Wednesday, June 8, 2022
Miguel Servet, Jaume Ferrán i Clua, Isaac Peral, María Vallet... The history of Spain takes us to different moments in which Spanish scientists gained international renown in different fields. In the energy field, Spain has seen the growth of research on how to optimize the performance of solar panels, how to develop cogeneration with green hydrogen and how to efficiently store thermal energy. Fortunately, the reserves of Spanish scientists is assured, since each great researcher is usually followed by several others.
One of those who is taking over in his field is 45 years old and happens to be one of Spain’s most talented scientists. If you are familiar with his face, you may have seen him on the news years ago. It was in 2012 when the Valencian Pablo Jarillo-Herrero was awarded by the Obama Administration, which gave him a grant of more than half a million dollars to research with the rest of his team.
Today, Jarillo works at the Massachusetts Institute of Technology (MIT), one of the most important science and technology centers in the world. He is researching the potential of graphene to produce energy in a much faster, more efficient and, above all, more sustainable way.
Magic angle graphene
Graphene is one of the most researched materials today thanks to its possibilities in practically all industrial sectors, since it is a material with high electrical and thermal conductivity and is also bactericidal and resistant to oxidation. Jarillo's research goes through what many scientists call the magic angle of graphene (MAG: magic angle graphene).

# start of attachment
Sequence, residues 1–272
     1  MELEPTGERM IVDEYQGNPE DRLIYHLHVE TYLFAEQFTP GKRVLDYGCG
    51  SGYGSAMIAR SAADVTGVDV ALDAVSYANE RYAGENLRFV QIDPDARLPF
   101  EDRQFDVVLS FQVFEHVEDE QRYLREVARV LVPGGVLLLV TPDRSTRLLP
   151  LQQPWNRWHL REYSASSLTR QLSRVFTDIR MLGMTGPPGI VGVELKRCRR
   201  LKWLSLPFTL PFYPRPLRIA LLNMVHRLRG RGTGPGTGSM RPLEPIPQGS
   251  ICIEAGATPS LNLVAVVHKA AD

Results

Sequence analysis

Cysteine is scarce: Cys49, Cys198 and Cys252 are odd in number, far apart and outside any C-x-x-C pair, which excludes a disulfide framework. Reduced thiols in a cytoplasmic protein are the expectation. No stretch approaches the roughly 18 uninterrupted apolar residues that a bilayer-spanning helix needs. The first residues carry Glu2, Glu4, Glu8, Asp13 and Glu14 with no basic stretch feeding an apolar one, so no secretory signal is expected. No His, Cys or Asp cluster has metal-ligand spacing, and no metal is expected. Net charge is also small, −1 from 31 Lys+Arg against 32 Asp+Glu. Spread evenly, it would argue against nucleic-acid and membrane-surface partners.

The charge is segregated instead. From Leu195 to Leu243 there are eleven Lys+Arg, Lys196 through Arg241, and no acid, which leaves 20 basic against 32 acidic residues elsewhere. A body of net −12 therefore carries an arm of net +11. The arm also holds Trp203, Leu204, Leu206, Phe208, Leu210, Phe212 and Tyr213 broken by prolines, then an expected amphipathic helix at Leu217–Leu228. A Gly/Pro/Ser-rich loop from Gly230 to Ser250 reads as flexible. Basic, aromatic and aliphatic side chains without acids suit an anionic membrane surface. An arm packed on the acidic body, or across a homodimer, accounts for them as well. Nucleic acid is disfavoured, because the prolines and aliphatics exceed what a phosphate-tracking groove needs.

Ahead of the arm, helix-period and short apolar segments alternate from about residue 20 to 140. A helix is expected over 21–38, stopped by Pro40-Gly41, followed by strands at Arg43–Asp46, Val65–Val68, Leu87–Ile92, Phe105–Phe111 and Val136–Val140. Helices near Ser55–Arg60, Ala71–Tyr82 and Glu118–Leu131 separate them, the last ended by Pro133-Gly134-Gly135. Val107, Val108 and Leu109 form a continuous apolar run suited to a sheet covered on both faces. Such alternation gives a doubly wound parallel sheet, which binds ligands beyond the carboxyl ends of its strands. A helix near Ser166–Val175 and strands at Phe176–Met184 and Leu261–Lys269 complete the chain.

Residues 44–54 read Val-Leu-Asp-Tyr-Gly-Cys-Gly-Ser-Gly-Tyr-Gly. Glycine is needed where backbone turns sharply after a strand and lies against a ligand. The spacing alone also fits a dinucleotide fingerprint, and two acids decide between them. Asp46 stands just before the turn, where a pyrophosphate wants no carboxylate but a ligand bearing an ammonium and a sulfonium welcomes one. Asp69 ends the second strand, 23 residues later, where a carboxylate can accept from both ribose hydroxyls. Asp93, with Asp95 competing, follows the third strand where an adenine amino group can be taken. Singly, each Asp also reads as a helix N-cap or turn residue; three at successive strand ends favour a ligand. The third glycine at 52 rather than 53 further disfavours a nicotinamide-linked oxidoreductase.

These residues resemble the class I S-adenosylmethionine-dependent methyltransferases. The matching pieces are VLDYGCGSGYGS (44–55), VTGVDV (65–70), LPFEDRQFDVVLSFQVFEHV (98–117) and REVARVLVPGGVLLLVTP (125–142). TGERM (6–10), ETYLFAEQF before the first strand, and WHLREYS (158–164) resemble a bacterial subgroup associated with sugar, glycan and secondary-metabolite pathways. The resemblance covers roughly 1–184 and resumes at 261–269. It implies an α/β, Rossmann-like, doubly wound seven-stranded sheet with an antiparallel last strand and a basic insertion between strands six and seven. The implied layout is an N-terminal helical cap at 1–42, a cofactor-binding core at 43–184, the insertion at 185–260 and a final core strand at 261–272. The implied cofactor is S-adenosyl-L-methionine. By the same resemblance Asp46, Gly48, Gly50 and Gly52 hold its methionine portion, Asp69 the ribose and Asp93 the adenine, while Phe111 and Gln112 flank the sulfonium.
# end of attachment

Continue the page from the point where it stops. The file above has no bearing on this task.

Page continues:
The magic angle technique is based on placing one sheet of graphene on top of the other. What Jarillo has been discovering is that, if one of the sheets is rotated over the other at an angle of 1.1 degrees, the graphene increases its conductivity exponentially. If several sheets are stacked instead of two, the increase in conductivity becomes exponential.
What does all this mean? It means that this material can increase its ability to create electricity; in fact, it can do so much more efficiently and sustainably. With their research, published in the journal Nature, Jarillo and his team are providing an answer to one of the questions that has plagued many scientists in recent decades: how high-temperature superconductivity is produced, something that would represent a real energy revolution. Since graphene was isolated in 2004 and its discoverers were awarded the Nobel Prize in Physics in 2010, it has proven itself to be a material with infinite possibilities", says Joana Frontela, head of the Cepsa Research Center. In her opinion, "Pablo Jarillo-Herrero's research shows an extraordinary application: sustainable power generation".
Today, graphene is used in countless sectors for the manufacture of electronic devices, touch screens, photovoltaic solar cells and energy storage. If Jarillo's research continues, we can expect this material to become even more valuable and its applications to grow further in all industries. And that is the road ahead: "We are still a ways away from moving on from basic research on graphene to large-scale commercial applications. There are about 20-30 years to go before graphene will be used much more", he explains.
"This research", Frontela adds, "demonstrates once again that the energy transition requires research to develop new technologies. We may be on the verge of an energy revolution. Although there is still time to see it implemented, the results are very promising".
Jarillo's struggle is not falling on deaf ears; it is part of a growing trend: the search for increasingly sustainable energy. Society is increasingly aware of the need to invest in new sources of power generation, so renewables, hydrogen and biofuels are some of the examples that serve as a roadmap. Jarillo is adding one more element, graphene, to an equation in which we all participate and which has, ultimately, one overriding objective: revolutionize the energy sector and promote the transition to a new, more sustainable model.
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